The soda companies are smart and know the people will pay it. The people, meanwhile, apparently have lots of disposable income. (Similarly, soda in a machine right next to the office fridge costs a dollar, but you can almost always find a can on sale for 25 cents and keep it in said fridge for free.)

  6. Lee Muller

    Brad, are your socialist instincts steering you towards government
    * setting the price at something you think is fair
    * setting the price at something you can afford
    * making it free to those who “need” bottled water
    * outlawing it.

  7. Richard L. Wolfe

    The reason the Ron Paul signs are still up is because of the disaster the next four years are going to be. It doesn’t matter which democrat gets elected, Obama or McCain the country will pay the price. So, in the next election, we Paulista’s will get into double digits. We will keep doing this every election until we get him elected. He will probably be about 110 years old but patience is a virtue. Ha!

  8. Karen McLeod

    That bottle of water costs $1.50 because people are foolish enough to buy it. Never mind that the water out of the tap is perfectly drinkable; never mind that the unrefillable, non-returnable bottle is a contributor to roadside litter, not to mention further enlarging our carbon footprint; people have come to believe that they’ll be healthier drinking that than if they drank water from the tap. And so, it becomes harder and harder to find a place where you can get a cup, ice, and tap water for a minimal price.

  9. mlmvh

    Hey, Brad, I like your picture! But, it’s time to treat yourself and go buy yourself some new, smaller, hipper glasses!

  10. Lee Muller

    He’s probably waiting on Obamacare to give him new glasses, paid for by cutting some taxpayer’s private insurance.
    I bet those Govco glasses will be stylish. Yeah.
    It gets back to the notion of value. Soviet communism was the first system where a pair of shoes was worth less than the raw material to make them.

  11. Brad Warthen

    When the government supplies our eyeglasses, we’ll all have to wear little, round, John Lennon-style glasses, and we will all LIKE it!
    I will, anyway. I used to have some glasses like that, but I can’t find them any more.

  12. Herb Brasher

    Brad, I could try and encourage myself by sending around pictures that are 20 years old, but I think you should get back to reality.

  13. Ellen

    Well, isn’t it nice that someone seems to know the quality of all of the drinking water in the U.S.
    I live in a state where the water is undrinkable, and much to my chagrin, I am FORCED to buy bottled water. I am not foolish, I am extremely intelligent and do not drink the water because of known health hazards, so get off your high horse, you sanctimonious snot, and butt out of things of which you have no knowledge.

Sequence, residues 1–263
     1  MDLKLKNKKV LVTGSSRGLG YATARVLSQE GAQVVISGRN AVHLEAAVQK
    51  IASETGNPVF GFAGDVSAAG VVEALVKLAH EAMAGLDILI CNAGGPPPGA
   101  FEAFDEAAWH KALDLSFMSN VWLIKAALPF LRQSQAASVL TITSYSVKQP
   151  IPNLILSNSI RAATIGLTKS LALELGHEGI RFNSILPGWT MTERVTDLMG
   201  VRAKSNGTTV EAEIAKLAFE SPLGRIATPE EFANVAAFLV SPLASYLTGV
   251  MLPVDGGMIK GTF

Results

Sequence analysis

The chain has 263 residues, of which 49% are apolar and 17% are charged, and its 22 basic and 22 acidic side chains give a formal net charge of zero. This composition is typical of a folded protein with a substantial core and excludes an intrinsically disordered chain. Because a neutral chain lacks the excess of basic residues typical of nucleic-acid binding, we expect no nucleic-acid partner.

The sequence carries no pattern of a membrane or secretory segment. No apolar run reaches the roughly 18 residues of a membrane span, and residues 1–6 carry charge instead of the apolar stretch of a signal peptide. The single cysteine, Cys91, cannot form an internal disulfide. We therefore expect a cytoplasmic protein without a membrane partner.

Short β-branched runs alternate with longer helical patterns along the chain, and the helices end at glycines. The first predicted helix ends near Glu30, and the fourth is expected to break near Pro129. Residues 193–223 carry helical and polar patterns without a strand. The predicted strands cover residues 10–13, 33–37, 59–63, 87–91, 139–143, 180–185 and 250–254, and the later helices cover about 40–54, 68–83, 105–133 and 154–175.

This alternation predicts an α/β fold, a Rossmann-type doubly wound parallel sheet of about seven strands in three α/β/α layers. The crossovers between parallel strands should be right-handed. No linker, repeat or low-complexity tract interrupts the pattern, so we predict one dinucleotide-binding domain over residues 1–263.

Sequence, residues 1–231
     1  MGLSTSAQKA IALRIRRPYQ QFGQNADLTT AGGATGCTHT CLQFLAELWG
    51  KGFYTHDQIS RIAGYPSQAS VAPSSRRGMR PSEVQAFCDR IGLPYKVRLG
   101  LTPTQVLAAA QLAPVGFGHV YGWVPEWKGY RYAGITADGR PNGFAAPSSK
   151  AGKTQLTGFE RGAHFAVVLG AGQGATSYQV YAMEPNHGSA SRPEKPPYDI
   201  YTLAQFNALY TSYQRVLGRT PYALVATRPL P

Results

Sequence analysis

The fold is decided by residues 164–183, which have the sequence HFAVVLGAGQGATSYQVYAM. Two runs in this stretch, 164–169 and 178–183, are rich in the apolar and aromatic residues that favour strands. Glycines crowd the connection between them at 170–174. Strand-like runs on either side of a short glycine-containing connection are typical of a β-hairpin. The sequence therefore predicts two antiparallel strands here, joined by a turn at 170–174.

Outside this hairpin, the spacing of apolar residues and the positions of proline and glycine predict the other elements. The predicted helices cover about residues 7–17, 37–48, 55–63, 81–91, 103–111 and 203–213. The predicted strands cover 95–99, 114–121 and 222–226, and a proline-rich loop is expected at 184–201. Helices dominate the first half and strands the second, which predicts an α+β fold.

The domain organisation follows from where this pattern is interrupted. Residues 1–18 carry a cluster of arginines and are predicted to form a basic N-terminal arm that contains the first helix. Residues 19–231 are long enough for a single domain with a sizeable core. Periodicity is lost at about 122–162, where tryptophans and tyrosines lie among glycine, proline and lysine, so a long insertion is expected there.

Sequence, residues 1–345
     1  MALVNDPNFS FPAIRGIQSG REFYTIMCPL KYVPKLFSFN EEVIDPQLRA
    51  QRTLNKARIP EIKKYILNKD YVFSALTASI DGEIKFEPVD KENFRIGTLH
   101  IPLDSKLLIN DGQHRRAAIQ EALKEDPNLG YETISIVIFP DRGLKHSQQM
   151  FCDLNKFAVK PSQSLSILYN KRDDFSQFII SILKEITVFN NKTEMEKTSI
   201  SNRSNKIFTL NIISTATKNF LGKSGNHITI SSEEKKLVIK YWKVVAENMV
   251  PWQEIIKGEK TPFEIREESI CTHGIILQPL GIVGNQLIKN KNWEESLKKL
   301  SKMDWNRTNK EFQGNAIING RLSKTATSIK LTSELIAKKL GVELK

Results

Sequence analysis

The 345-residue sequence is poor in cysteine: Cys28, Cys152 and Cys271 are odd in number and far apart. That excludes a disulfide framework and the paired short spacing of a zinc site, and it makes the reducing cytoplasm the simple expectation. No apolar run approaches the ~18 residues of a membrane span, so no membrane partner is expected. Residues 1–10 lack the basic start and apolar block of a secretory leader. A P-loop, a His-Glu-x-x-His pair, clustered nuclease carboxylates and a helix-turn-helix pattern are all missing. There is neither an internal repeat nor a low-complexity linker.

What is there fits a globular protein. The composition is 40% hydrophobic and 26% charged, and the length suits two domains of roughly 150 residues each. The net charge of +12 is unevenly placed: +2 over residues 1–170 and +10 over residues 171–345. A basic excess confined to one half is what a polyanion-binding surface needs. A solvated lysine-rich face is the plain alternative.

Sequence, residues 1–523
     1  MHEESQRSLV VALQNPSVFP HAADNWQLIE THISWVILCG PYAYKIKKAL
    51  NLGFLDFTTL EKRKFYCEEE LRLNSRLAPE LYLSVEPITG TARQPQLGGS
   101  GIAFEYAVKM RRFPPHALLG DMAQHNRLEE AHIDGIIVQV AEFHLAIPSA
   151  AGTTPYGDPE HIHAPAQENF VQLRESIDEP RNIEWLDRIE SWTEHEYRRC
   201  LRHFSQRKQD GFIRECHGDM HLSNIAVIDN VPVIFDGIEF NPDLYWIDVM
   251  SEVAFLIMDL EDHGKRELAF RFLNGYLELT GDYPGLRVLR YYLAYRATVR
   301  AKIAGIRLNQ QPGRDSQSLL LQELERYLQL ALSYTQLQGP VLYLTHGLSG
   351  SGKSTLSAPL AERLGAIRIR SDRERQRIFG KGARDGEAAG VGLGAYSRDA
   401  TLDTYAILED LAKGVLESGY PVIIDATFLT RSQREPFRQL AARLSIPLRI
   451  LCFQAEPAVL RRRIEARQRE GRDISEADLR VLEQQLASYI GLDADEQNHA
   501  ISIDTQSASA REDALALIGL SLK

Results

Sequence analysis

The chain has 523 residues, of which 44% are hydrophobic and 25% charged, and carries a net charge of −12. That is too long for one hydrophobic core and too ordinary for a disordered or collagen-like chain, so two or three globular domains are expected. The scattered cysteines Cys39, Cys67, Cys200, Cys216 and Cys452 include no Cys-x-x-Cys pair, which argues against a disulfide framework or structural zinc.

14. Lee Muller

    Ask Mr. Energy Party what kind of car he drives, the next time he tells you that you have no right to buy the vehicle of your choice that you can afford.

  15. Leonardo

    Hangover from the 4th, Brad? Not to worry, it’s just a slow news day.
    Try a dose of Dr. Paul Liberty pill; it will do you good.
    “…We hold these truths to be self-evident, that all men are created equal, that they are endowed by their Creator with certain unalienable Rights, that among these are Life, Liberty and the pursuit of Happiness…” Declaration of Independence IN CONGRESS, July 4, 1776.

  16. Freedom Pundit

    TN sales tax sucks and is self defeating… why spend 4.00 in gas to drive to spend 10% more in purchase price to buy something -when in most cases you can get it cheaper (even with paying shipping) by buying online from out of state. Not to mention online shopping is just a lot easier.
    Now the wheel tax, I don’t mind that and am reminded of that anytime I cross the state line. Our highways and interstates are the smoothest I’ve seen anywhere. We have to put up with a lot of construction for that but oh well. We have GREAT pavement to drive on and my achy breaky back appreciates it. Nothing like the relief felt entering TN after driving through KY and IL’s rough roads.
    Most of TN is nothing like Memphis!

  17. Lee Muller

    The system of competing states is one of the great features of America. When one state tries something and it fails, the other ones are supposed to learn. When one state had excessive taxes, people can vote with their feet, and vote with their pocketbooks, by moving their incomes and purchases to other states.
    SC has run off 100,000 engineers, skilled trades and project managers with its silly attempts to double tax income earned elsewhere. The no-skill politicians and media pundits can’t figure out why the state can’t attract, keep or grow technology-based businesses.